The engine drives through a Casale top loader V-drive gearbox with a straight 1:1 ratio and was, at first, spinning a 12in by 14in, right-hand prop during trial runs. However, in one of several phone calls to John Sofilos, who installed the original Chrysler engine so many years ago – and who amazingly remembered all the details – Mark found that the Hammond ran best with a left-hand-rotation prop. He’s still experimenting with different props and rudders as he seeks to regain the high level of performance achieved in Miss Australia’s heyday.

Mark also owns a 15ft 6in fibreglass Hammond that was built in 1983 and is unusually powered by a Chrysler Charger E49 ‘Hemi’ engine with a Haines and Hellyer V-Drive transmission. Mark bought it in 2001 and the Charger straight-six is still doing a great job spinning a three-blade 11in by 15in prop to take the boat to a top speed around 75km/h at 4500rpm. We were fortunate to have use of this boat as our camera platform for the photos you see on these pages.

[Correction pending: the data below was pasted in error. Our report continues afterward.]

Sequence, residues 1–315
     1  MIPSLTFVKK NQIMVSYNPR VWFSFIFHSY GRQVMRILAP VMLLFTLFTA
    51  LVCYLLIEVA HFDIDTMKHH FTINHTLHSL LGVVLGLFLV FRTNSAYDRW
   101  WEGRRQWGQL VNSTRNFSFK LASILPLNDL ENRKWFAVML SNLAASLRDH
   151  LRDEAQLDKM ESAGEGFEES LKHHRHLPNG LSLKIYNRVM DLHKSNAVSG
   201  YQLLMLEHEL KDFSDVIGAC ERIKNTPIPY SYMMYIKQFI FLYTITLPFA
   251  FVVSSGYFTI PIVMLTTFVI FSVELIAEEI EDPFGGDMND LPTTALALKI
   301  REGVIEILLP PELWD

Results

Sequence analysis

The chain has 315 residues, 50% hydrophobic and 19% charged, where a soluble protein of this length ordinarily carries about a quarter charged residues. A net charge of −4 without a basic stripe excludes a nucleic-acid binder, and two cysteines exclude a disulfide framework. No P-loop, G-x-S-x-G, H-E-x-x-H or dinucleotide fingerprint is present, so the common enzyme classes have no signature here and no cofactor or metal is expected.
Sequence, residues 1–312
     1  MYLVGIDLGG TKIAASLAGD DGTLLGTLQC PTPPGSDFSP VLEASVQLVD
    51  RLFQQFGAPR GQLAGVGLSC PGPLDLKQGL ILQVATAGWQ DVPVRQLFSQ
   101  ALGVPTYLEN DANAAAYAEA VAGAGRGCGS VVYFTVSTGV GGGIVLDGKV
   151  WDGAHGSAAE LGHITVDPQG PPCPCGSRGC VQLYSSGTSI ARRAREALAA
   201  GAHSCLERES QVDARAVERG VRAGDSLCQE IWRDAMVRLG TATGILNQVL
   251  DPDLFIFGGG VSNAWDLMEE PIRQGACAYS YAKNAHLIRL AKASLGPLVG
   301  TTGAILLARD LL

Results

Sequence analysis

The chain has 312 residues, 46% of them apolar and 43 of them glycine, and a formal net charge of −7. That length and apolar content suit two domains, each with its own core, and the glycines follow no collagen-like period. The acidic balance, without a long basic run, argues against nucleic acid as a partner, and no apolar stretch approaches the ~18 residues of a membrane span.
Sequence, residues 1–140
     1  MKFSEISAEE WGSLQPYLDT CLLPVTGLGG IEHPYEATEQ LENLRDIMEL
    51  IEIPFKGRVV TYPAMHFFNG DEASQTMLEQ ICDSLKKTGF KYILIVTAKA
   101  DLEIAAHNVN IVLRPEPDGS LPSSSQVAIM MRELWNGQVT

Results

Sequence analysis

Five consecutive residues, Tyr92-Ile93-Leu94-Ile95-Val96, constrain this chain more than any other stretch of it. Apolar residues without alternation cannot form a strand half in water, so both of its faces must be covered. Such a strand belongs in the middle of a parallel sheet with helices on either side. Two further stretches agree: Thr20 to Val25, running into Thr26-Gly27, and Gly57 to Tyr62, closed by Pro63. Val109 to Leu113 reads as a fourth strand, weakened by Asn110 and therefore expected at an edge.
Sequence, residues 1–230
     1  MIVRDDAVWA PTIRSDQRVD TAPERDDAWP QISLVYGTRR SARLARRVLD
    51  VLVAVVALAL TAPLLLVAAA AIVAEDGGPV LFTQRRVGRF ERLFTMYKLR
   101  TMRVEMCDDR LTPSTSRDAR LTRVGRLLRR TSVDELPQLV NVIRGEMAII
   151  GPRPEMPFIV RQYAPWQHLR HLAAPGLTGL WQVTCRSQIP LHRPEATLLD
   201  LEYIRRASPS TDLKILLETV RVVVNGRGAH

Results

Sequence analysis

Today, Miss Australia looks simply sensational and draws attention wherever she goes. The classic wooden Hammond is an absolute credit to Mark and Di, who have worked so diligently to bring it back to its original glory. And, of course, the boat is a credit and testimony to the life and craftsmanship of Harry Hammond, whose boatbuilding masterpieces have brought so much happiness to so many owners, crews and admirers.

Harry Hammond witnessed the return of Miss Australia to the family fold and the start of the restoration project, but sadly passed away in 2007, aged 92, before Mark had completed his labour of love. His legacy continues though, with a strong survival rate of the boats he built so well. In fact, Hammonds enjoy a strong following amongst classic boat enthusiasts (see Harmony of Hammonds, P46) and are now considered highly collectible. Wooden examples, in particular, are often referred to as “the Rolls Royce of ski boats”.

To find out more about these wonderful Australian boats and upcoming re-union events, you can phone Mark Hammond on 0418 622 120 or contact him by email at: hammondboats@bigpond.com